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    • I would not say it's boring, but definitely not eye catching or heart warming as the S/X/3 have been in the past, for their own reasons. It's probably still in heavy WIP-stage for some parts (see the hatchback), but regardless I think it will sell incredibly well, especially in North America. It's a "just right" iteration over the Model 3 to accommodate for the demand of compact SUVs. With that being said, I really don't like the third seats row. I cannot find a reason for how it's implemented and it reminds me a lot, in a negative sense, of the back seats of the C-HR which, from a space design perspective, are far from comfortable.

    • Hi federico and welcome to Cake! ๐ŸŽ‚Great first post.

      I've had a few chances to talk it over with people in my Silicon Valley Tesla-adoring neighborhood and they say the same thing about it not being eye catching but still a great car that should sell very well.

      I wonder if the pursuit of aerodynamic efficiency and safety is pushing cars to look ever more alike, smooth plastic bubbles in pursuit of 300 mile range. I can't really fault that.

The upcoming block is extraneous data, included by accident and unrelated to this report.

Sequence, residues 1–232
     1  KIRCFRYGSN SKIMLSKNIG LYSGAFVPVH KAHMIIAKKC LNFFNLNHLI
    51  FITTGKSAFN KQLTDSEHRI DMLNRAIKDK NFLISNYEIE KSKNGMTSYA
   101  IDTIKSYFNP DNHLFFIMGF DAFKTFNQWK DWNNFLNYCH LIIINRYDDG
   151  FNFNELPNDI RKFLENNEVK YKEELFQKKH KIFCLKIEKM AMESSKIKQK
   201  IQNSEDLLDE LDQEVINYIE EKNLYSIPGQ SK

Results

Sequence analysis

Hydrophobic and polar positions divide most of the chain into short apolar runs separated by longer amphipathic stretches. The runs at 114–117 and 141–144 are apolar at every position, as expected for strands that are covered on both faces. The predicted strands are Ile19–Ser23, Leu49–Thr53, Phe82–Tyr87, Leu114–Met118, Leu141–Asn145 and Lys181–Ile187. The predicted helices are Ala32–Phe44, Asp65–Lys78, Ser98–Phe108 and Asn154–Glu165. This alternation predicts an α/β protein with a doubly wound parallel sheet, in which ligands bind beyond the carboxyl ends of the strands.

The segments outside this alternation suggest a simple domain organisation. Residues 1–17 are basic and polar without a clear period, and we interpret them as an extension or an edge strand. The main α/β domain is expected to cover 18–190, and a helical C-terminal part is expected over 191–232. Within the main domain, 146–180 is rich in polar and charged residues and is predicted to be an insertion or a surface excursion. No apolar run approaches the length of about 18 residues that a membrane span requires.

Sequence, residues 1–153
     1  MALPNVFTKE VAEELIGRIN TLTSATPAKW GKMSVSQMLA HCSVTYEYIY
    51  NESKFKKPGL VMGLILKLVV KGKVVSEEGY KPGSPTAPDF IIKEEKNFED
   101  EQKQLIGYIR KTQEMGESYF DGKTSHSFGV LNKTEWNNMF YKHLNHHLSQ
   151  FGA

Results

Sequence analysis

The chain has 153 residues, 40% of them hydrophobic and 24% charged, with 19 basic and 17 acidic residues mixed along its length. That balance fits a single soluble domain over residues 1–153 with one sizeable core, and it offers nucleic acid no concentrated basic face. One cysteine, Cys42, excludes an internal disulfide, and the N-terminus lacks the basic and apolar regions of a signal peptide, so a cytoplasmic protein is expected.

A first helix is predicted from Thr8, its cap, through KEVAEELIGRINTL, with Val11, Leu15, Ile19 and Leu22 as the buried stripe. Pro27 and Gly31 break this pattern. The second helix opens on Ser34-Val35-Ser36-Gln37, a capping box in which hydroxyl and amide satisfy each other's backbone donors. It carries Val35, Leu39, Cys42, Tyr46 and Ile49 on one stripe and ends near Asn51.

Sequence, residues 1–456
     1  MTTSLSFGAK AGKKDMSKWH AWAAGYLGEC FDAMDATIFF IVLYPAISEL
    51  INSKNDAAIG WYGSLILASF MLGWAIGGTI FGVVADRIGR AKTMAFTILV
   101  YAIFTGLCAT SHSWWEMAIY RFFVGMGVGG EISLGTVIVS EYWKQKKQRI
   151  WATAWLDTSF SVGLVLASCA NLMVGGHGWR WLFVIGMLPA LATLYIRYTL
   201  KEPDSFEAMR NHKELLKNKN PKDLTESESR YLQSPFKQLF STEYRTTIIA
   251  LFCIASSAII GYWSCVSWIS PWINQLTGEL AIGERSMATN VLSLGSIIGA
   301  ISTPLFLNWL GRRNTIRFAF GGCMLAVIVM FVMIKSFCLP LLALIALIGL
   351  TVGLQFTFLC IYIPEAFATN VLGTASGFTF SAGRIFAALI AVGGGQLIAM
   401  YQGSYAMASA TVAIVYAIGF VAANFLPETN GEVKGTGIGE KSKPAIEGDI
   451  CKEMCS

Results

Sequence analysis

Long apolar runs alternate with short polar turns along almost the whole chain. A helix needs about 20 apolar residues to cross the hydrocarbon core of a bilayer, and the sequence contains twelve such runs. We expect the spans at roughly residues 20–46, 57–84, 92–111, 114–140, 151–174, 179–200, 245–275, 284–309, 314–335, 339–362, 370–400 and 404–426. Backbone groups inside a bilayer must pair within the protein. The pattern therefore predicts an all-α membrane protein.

I was taking photos at a classic car show last year, drinking in how amazing they looked, wondering where the attitude like this went in modern car design:

      And I came across a modern Camaro. It's pretty but you can see the influence of the wind tunnel and not having things like hood ornaments to impale people. I get it, I approve, it just ups the boredom quotient.

    • Wind tunnel tests can have positive effects on a design too. I'd argue that the Camaro is just an example of bad design in general. ๐Ÿ˜‰

    • The only time I look at my car is when I am finding it in a parking lot. I think the interior experience is a lot more important than the exterior - seat comfort, controls ergonomics, quietness, ease-of-cleaning, and ride smoothness. I have not seen any comments on such matters though.